77ºF

Government responds to convicted ex-council members' request for new trial

Katrina Brown, Reggie Brown convicted of dozens of federal charges

Reggie Brown and Katrina Brown enter U.S. District Courthouse in Jacksonville.
Reggie Brown and Katrina Brown enter U.S. District Courthouse in Jacksonville.

JACKSONVILLE, Fla. – As expected, the U.S. Attorney's Office has asked a judge to deny motions for a new trial made earlier this month by convicted former Jacksonville City Council members Katrina Brown and Reggie Brown.

The jury found the two Browns -- who are not related -- skimmed money from nearly $3 million between a federally backed loan and a city grant to a Jacksonville barbecue sauce business. Katrina Brown was found guilty on all 37 counts she faced and Reggie Brown was found guilty on 33 of 34 counts he faced.

Katrina Brown argued a mistrial should have been granted over assertions made in opening statements by Reggie Brown's lawyer. The government said opening statements are not evidence for the jury to consider, which is a standard jury instruction.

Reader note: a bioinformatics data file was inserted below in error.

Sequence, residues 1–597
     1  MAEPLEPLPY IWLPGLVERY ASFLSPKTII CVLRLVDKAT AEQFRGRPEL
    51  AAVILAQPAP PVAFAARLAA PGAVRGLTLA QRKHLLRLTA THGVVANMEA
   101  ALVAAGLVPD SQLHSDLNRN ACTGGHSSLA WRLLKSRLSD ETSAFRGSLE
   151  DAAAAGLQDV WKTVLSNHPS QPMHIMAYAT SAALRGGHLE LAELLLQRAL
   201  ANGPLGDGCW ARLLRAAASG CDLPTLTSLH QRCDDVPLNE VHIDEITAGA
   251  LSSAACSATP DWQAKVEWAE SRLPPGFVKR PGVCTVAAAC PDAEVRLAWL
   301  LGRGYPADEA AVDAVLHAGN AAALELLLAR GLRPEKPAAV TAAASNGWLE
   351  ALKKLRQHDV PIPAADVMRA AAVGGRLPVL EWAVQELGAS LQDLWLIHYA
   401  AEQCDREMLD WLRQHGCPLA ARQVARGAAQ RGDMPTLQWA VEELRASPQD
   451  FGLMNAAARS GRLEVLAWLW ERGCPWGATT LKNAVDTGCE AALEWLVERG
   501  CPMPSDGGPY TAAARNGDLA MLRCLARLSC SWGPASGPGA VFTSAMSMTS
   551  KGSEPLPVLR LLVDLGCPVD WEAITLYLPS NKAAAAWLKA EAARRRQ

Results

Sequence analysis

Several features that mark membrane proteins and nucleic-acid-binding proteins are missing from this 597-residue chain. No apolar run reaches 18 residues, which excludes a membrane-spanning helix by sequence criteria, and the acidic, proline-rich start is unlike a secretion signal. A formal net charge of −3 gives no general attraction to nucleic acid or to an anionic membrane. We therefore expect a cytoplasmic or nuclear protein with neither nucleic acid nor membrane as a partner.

Reggie Brown's lawyer told the jury he would testify in the trial, but the defendant changed his mind, as the trial went on. In its response to the motion, federal prosecutors wrote: "Reginald Brown chose to paint himself as a victim of Katrina Brown's scheme.  That strategy did not require Reginald Brown to testify.  While the strategy did not work, it was a reasonable strategic shift that he had the right to make based upon how the evidence developed and the weight of the evidence against Katrina Brown.  As such, this Court properly denied a mistrial and should not grant a new trial." 

In its response, the government called into question Katrina Brown's decision to represent herself, saying:  "While Katrina Brown conducted herself cordially, her trial strategy and advocacy were below novice level."

As for Reggie Brown's motion, the government responded it's basically what was presented in closing arguments. The government said "the evidence… was substantial in this case," and that's why the jury convicted both defendants.